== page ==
The Centre for Solution Focused Practice

'Don't think, but observe.'

‘I began to notice, with increasing irritation, my need to describe and define what I observed, when all I really wanted was for the sea simply to be the sea. I found myself constantly thinking of it in terms of something else, as if I were reading it for meaning, which was not what I thought I wanted to do at all.’
Jenny Diski ‘Stranger on a Train’ p 14

Jenny Diski, describing her experience during the course of a slow sea crossing of the Atlantic Ocean, beautifully describes an experience that many of us, attempting to get to grips with the Solution Focused approach, will have experienced. Steve de Shazer (2005), following Wittgenstein’s injunction ‘Don’t think, but look!’ (1958, #66), wrote a paper setting out some of his thoughts regarding the relationship between Wittgensteinian philosophy and Solution Focused Brief Therapy which he entitled ‘Don’t think but observe’. So what sense does this idea that we are not thinking make to me? Whilst I would not hope to understand the complicated philosophy to which de Shazer is alluding I do understand a number of things which are closer to my practice experience. I do know that while I am sitting with clients I am not trying to understand them. I am not trying to figure them out, I am not trying to appreciate where they are coming from. In a very strange and particular sense, and I say this with hesitation, I am not interested in my client’s lives, I am not curious in the conventional sense of the word, even if it is likely that my client’s experience will be one of real interest in them on my part, an important paradox perhaps.

So what am I doing while I sit with clients? The first task is, as far as I am able, to contribute all that I can to the construction of an interactional context which will allow clients to do what they need to do to change. As far as I can see clients require to be able to reflect on a set of questions offered by the worker and to be able to generate answers to those questions. Eve Lipchik (2002) refers to this aspect of the worker’s task in terms of the need ‘to establish and maintain a relationship with clients that makes them feel supported while they adapt or change’ (p25). As it happens I believe that the introduction of the term ‘relationship’ is unhelpful and somewhat mystifying thereby making the worker’s job less clear, however it does seem clear to me that I am working hard with clients to co-construct a potentially fruitful context. (More on all this another time perhaps.)

The second task is to listen. ‘Don’t think, but listen!’ perhaps. Of course we listen. All therapists and counsellors listen. But what are we listening for? What I think that the Solution Focused practitioner is listening for are potential ‘hooks’ in the client’s answers, things the client says to which we can attach a solution focused question. We might call them ‘conversational opportunities’ or ‘solution focused openings’. The client might be involved in recounting a long problem focused story of how tough things have been for him. The worker listens and listens and acknowledges and validates and listens and listens and then at a certain point hears the client say ‘just getting through the day has been really, really difficult’. And suddenly we hear the practitioner shifting position from acknowledging and validating to asking ‘so what have you been doing to get through the days, given that it has been really difficult?’ The worker has heard a potential opening, an opportunity, has spotted a hook which will allow the possibility of a change of direction in the conversation. Insoo Kim Berg picked up and liked to use Peter Cantwell and Sophie Holmes’ (1994) phrase ‘leading from one step behind’, and this is what I think that we are doing here, shifting the focus of the conversation based on something that the client has said.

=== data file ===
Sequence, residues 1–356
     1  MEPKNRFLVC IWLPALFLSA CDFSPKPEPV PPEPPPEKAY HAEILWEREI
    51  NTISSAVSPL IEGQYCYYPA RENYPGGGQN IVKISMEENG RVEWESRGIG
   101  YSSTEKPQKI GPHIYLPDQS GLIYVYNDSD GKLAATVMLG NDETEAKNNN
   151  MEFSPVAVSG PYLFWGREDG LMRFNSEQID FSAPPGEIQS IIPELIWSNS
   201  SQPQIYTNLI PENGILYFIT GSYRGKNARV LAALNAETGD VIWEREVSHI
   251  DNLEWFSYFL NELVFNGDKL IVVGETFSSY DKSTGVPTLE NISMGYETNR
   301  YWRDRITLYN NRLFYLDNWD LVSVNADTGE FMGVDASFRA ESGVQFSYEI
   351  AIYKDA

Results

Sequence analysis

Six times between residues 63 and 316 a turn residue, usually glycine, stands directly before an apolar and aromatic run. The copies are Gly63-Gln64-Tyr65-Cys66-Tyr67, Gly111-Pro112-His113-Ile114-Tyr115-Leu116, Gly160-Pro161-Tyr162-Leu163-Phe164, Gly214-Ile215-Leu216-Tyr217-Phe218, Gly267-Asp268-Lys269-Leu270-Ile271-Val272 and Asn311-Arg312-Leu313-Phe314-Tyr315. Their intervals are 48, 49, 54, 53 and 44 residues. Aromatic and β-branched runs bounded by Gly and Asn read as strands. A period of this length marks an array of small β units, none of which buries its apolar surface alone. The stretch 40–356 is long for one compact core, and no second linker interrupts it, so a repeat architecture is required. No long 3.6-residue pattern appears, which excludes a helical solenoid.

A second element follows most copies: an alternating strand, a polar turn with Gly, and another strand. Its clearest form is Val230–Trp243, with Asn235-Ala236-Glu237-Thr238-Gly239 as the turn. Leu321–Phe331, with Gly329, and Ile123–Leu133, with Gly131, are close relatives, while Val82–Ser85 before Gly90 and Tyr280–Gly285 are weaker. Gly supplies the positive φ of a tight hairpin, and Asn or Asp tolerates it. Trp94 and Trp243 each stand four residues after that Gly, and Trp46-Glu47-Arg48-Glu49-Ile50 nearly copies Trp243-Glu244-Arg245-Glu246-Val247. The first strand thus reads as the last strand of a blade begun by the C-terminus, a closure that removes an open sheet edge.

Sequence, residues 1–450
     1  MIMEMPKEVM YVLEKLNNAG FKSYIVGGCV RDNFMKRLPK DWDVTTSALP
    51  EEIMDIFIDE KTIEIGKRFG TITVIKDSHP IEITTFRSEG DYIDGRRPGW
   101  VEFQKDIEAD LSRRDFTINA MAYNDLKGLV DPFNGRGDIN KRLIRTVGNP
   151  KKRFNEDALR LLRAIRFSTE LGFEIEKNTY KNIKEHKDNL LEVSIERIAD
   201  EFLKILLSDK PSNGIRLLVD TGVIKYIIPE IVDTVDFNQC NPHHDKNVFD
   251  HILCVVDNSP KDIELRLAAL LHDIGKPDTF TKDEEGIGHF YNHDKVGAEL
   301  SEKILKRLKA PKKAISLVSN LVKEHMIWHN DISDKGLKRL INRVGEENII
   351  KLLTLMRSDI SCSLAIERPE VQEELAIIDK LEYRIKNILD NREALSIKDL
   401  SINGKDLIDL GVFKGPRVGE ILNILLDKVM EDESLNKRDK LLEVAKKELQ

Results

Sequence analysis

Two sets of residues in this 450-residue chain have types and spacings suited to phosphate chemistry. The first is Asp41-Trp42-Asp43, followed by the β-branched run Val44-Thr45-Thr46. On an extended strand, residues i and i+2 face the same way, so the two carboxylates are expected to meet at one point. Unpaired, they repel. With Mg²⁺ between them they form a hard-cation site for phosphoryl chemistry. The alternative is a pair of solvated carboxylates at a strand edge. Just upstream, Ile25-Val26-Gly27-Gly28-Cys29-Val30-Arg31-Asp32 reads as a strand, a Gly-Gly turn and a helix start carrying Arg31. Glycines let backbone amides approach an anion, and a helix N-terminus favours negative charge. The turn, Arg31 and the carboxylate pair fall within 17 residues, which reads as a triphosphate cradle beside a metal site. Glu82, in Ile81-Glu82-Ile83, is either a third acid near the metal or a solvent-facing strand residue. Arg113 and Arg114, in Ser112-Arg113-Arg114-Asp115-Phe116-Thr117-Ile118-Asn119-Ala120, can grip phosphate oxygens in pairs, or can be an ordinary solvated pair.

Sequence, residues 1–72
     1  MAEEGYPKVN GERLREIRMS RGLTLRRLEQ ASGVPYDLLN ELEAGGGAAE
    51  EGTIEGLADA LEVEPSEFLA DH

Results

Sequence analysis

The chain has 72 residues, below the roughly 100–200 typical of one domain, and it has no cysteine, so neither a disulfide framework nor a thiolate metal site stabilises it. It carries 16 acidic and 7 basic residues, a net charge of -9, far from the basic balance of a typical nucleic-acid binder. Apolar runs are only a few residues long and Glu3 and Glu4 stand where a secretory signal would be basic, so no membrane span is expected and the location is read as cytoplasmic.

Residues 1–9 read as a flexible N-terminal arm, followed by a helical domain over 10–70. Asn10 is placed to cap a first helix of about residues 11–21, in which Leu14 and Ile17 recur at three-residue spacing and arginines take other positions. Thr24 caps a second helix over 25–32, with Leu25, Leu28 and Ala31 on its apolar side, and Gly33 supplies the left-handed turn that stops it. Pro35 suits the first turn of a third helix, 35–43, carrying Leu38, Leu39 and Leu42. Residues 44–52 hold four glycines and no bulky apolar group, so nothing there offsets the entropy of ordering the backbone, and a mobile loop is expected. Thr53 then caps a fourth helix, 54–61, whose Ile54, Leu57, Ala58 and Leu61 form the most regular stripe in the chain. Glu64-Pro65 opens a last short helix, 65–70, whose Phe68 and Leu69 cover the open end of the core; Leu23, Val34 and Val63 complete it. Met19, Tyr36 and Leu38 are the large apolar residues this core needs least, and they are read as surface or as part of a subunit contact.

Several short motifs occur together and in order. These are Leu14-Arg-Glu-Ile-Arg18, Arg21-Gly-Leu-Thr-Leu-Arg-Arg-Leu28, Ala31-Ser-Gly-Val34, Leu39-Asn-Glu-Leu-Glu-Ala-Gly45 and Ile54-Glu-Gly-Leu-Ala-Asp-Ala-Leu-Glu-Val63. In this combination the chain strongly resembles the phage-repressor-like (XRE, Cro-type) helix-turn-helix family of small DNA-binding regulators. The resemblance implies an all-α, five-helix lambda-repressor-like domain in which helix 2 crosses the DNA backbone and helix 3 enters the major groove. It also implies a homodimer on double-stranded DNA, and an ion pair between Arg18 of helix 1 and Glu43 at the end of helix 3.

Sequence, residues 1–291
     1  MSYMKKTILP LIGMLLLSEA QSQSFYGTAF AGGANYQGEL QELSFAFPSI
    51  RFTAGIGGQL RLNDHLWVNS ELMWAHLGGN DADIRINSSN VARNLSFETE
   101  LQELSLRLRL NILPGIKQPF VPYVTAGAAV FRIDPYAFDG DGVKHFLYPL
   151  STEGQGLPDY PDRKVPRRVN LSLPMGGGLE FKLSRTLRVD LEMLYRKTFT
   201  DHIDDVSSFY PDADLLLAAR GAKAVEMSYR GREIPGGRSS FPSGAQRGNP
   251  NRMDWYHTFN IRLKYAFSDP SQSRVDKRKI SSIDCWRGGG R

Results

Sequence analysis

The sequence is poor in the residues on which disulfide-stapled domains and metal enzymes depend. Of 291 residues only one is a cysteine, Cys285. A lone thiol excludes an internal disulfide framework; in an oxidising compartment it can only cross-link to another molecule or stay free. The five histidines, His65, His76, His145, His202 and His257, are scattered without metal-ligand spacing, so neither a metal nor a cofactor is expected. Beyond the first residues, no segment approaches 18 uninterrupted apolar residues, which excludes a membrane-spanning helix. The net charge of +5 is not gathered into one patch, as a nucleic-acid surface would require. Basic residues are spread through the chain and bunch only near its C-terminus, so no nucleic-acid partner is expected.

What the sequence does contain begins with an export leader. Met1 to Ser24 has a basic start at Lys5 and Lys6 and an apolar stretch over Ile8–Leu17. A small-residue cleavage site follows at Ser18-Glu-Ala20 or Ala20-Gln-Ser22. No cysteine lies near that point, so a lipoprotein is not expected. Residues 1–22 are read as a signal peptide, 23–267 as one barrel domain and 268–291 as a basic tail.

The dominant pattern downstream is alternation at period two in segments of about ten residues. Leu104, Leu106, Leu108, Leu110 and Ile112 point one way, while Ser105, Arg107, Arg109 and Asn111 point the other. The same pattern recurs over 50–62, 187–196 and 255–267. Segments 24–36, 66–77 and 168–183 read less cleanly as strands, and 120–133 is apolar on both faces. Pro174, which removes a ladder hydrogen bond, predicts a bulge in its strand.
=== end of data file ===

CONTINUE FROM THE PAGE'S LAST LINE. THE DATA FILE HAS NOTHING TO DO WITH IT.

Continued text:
And the third thing that I am doing? Unfortunately this will merely highlight my own limitation. I have found it too difficult to quell, to put to sleep the ‘wanting-to-make-sense’, the ‘wanting-to-understand’ bit of me. And telling that bit of me just to stop – ‘just stop doing it’ – ‘just listen’ – is, as Jenny Diski made clear to us as she was trying to allow ‘the sea simply to be the sea’, very very difficult. So I have given my ‘making-sense’ capacity a relatively benign job to keep it busy and to stop it from doing things that are less helpful. I have allowed myself to listen through the talking for evidence of strengths and skills and resources and competencies. I allow myself to think ‘what is this telling me about the client’s capacities?’. I very rarely do anything with the thoughts that I have, I would virtually never articulate my conclusions, since the material will not have come from the client, but allowing myself to muse in this way does not seem to be too harmful!

Evan George
London

Cantwell, Peter & Holmes, Sophie. (1994). Social construction: A paradigm shift for systemic therapy and training. Australia and New Zealand Journal for Family Therapy, 15(1), 17-26.
de Shazer, Steve. (2005) Don’t think but Observe: What is the importance of the work of Ludwig Wittgenstein for Solution-Focused Brief Therapy?
Downloaded from sfbta website 20 August 2016
Diski, Jenny. (2002) Stranger on a Train London: Virago Press
Lipchik, Eve. (2002) Beyond Technique in Solution-Focused Therapy New York: Guildford Press
Wittgenstein, Ludwig. (1953) Philosophical Investigations Oxford: Blackwell Press